Tea Ceremony (茶道)Chanoyu (‘hot-water tea’), Chado, or Sadô (‘way of tea’)
The tea ceremony has a very long history within the traditional Japanese culture. Its roots reach the development of Higashiyama Culture (the 1400s), which in turn was strongly connected with the Zen Buddhist concept of wabi-sabi (“beauty in simplicity”). The tradition of drinking tea was brought to Japan by Chinese author Lu Yu. The tea ceremony was later formalized and perfected by the famous Japanese tea master – Sen No Rikyu (also known as Sen Soeki), who succeeded transforming the tea ceremony into national art-form. It is worth mentioning that in the beginning, the tea ceremony could be performed only by men, while nowadays it is also performed by women.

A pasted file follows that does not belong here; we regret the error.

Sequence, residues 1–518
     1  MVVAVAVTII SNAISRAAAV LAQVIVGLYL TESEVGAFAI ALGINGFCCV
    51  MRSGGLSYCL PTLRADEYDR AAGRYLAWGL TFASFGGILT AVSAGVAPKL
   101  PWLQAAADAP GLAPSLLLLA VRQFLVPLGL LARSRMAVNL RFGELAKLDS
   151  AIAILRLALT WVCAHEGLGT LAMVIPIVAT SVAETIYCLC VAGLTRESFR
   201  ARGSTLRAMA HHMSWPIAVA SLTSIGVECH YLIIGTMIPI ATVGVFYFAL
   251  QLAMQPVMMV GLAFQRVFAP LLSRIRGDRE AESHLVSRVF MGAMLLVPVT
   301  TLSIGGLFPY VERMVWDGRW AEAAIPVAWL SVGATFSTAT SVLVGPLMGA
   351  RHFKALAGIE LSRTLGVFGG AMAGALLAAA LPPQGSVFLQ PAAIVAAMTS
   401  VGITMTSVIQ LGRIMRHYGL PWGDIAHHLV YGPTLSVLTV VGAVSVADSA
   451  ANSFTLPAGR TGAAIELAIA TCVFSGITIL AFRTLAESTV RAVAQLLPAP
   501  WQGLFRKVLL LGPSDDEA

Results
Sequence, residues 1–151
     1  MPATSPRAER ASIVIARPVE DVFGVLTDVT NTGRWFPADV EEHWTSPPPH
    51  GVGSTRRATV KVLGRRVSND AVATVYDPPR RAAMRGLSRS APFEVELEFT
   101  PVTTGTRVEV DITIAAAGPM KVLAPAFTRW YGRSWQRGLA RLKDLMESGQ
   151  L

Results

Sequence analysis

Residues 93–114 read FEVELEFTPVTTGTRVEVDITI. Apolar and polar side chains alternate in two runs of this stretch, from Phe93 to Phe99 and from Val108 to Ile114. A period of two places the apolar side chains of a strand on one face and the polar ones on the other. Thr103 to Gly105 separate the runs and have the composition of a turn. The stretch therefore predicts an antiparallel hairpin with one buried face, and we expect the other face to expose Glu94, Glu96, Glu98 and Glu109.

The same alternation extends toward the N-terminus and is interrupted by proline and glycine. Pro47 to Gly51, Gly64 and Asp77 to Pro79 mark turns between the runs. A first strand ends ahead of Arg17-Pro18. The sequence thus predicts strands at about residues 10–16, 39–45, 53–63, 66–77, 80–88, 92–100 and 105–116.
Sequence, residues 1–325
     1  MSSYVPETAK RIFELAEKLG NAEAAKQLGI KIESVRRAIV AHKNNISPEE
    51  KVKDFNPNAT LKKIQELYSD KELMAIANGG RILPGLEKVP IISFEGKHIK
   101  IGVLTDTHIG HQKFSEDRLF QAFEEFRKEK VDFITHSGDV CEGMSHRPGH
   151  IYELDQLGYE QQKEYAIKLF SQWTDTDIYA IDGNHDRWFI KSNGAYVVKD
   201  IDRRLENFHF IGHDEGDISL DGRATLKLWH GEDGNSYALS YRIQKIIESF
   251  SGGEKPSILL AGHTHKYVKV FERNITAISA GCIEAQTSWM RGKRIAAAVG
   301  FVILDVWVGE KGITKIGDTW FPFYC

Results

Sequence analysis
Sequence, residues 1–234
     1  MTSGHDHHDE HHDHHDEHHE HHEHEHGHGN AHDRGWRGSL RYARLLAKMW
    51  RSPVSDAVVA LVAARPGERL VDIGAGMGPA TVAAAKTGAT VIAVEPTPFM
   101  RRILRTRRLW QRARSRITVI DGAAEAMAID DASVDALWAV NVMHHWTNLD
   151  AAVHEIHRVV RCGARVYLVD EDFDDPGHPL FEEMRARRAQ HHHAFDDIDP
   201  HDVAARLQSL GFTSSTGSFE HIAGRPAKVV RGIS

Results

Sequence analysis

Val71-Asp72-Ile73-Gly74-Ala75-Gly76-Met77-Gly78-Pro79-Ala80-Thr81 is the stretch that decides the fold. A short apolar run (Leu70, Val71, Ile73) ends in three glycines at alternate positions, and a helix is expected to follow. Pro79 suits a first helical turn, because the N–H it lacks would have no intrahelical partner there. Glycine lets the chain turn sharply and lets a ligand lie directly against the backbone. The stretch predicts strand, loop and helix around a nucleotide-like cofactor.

We should remember that even today, the study and mastery of the tea ceremony can take years to complete, while to study all the finer nuances a lifetime may not be enough, as the master practitioner of Chado must often also know the related disciplines, such as calligraphy, flower arranging, and the art of the kimono.
Nowadays, there are two main schools for the tea-ceremony: Urasenke Konnichi-an (‘Rear of the Sen house’) and Omotesenke Fushin’an.